Tuesday, December 16, 2014

Good News, Great Joy...for All People

She sat at the kitchen table, thumbing through the little booklet she had made of "Family Christmas activities."  A lot like me, my daughter likes to plan things.  My mother-in-law had flown in for less than 24 hours in order to attend my son's Christmas choir concert last night.  Caris was trying to find a fun thing to do with her while I finished cooking supper.  

"Oh, look, Mom!  We're doing this tonight!  We're attending a Christmas concert."

Indeed we did.  After a long wait in uncomfortable pews, the concert began.  My son's jazz and then acapella choirs were the last to perform.  I was impressed with them, proud of their hard work. Pleased with my son's enthusiasm about working so hard for the choir teacher he loves.  It was worth the wait to hear the songs that he's been singing under his breath for months.

And then.  Came the final selection.  

The Hallelujah Chorus.  

I just can't even describe how I felt watching these incredible middle school kids and hearing them sing such a powerful and amazing song.

Goosebumps doesn't begin to describe it.

I'm not even sure that I can articulate it.

These preteens and teenagers singing like angels inside a beautiful church to a standing crowd.  A song first written in 1741.  First performed in 1742 in Dublin and then premiering in London in 1743.  Being sung in 2014.  It felt profound to me to stand and listen to this song that has been sung for hundreds of years.  Listening to it being performed so well by young people who have spent countless hours perfecting their version.  As I listened to the words, I imagined the thousands who have sung and heard it over the centuries.  

And I must admit that I teared up as they sung, "and He shall reign forever and ever...and He shall reign forever and ever...Hallelujah...hallelujah."

Forever and ever.

It humbled me to think of the tiny dot we are.  A crowd of hundreds.  Listening to a song written 273 years ago.  About a reign that will never end.  Forever and ever.  It occurred to me what a blip on the radar I am.  How tiny in the grand scheme of world history...and eternity.

I haven't been able to get it out of my mind.  

In the thousands of years of the history of mankind, who am I?  In the eternal reign of an Almighty God, who am I?  

Yet, this song speaks to each of us about our place, our role in this world, in this time, for this moment. It speaks to the miracle of Christmas.  To the sacred role that each of us play in the nativity. To our place in that scene...and the eternal reign of God himself.

The Hallelujah Chorus from George Frideric Handel's Messiah was written to reflect the promises of God to the prophets Isaiah.  That was some 700 years before the angels offered the most glorious birth announcement of all time to the shepherds, as described in the gospel of Luke.  Messiah's second and third parts cover Jesus' death, resurrection and ascension, as well as his redemption and final victory over sin and death.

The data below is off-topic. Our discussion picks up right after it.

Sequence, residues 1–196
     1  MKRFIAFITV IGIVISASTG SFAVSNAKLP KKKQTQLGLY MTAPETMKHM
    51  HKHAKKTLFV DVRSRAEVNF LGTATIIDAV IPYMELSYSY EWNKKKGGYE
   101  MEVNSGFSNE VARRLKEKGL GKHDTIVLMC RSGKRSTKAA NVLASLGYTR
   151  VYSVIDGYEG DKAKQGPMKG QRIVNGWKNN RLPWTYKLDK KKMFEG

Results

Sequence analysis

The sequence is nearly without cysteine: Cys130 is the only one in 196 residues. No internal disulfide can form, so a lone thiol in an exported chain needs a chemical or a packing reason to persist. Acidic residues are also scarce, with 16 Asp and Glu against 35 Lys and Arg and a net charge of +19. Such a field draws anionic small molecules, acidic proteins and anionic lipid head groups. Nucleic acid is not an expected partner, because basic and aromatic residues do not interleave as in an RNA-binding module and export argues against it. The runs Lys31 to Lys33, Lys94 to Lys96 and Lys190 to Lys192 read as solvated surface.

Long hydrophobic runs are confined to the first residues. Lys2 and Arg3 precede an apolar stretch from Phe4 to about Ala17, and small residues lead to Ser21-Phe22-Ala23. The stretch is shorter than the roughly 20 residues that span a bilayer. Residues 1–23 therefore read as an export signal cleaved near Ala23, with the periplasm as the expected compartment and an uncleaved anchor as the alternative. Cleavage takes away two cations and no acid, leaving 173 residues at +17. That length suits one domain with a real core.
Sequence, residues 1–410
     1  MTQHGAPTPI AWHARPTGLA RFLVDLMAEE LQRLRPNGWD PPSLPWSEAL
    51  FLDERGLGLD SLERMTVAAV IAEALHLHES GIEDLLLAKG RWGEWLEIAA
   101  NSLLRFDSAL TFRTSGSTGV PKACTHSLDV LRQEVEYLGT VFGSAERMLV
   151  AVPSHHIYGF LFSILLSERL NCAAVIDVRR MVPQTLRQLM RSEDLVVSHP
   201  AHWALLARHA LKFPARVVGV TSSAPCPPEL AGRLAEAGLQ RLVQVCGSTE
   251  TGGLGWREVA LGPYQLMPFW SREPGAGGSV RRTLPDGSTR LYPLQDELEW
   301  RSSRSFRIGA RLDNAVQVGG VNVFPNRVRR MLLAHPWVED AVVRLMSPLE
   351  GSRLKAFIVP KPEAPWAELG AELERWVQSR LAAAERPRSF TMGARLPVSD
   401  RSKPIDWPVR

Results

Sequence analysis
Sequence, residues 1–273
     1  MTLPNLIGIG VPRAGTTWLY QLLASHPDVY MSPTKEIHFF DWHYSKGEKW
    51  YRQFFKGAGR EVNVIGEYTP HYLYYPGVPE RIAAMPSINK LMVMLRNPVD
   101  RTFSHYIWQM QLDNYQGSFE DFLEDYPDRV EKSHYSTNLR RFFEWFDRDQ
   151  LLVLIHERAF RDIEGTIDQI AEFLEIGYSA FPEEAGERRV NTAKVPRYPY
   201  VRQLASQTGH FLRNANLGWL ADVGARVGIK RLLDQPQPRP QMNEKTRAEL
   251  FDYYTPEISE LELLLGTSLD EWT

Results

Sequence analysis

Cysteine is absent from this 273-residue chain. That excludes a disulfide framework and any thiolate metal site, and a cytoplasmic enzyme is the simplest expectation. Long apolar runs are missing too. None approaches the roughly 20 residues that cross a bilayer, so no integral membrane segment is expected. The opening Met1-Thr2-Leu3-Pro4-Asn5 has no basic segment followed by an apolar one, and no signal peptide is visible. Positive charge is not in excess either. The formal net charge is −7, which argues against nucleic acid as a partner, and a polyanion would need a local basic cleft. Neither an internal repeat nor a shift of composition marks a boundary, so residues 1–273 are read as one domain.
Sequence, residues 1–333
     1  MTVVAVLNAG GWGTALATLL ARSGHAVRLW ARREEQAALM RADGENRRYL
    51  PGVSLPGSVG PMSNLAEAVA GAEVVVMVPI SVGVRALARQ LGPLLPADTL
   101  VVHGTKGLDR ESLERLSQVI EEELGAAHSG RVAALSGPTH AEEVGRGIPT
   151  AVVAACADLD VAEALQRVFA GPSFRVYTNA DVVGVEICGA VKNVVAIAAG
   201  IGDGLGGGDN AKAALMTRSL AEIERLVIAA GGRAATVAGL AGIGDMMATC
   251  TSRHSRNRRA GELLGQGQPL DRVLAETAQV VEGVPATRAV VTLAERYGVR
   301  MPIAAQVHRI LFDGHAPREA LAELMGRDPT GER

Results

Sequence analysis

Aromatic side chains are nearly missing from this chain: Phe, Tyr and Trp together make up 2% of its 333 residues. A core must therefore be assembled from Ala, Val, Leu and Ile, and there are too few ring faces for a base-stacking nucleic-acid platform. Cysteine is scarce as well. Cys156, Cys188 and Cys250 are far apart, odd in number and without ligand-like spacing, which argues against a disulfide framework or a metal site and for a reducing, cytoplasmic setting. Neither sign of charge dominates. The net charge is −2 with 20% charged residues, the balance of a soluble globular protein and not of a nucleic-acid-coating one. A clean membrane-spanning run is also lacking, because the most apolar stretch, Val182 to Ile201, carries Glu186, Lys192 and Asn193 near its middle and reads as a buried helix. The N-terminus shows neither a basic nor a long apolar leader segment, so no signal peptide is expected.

How fitting during this Advent season, as I reflect on Christmas carols, that this piece of music becomes a place to pause.

Because the Hallelujah Chorus is all about us.  As was the coming of God through his son Jesus.  

To consider that as the world was set in motion and sin entered the world, God had a plan.  God, unbound by time or place, could see the entire story.  From beginning to end.  And every player in that story.  Every person.  Every heart.  Every soul.  Down to every hair on our head.  The God, who created the universe and carved out the oceans and the mountains and the valleys, is well aware of the details of our lives.

And while we may feel so small in this world, in this time, in this place in history, we couldn't be more important to God.  We couldn't be more beloved and cherished and honored.  Because even as the music swells throughout the decades of the world's story, God has engraved our names on his palms (Isaiah 49:16). Even as we consider the scope of all human history, God calls us redeemed (Psalm 77:15) and HIS.  He calls us his own.

In the expanse of all mankind, God sees us.  He goes before and behind us, and we can never hide from him.  He even says that every day of our lives were written in his book before one came to be (Psalm 139).

The Creator of the Universe and the One who sustains it all invites us to remember this.

When he spoke to Isaiah, revealing his grand story and the climatic hope for every man, woman and child...he was thinking of you.  In the 700 years between the prophecy and the coming, God was orchestrating every step for our good...for our redemption.  

Just consider this proclamation from Luke 2:10-12:

 But the angel said to them, “Do not be afraid. I bring you good news that will cause great joy for all the people. 11 Today in the town of David a Savior has been born to you; he is the Messiah, the Lord. 12 This will be a sign to you: You will find a baby wrapped in cloths and lying in a manger.”

That is a proclamation to YOU.  Good news.  Of great joy.  For ALL people.  Not just the Israelites of the Old Testament or the Jews of the New Testament.  Not just for those peoples in that time.  But for all people throughout all of history.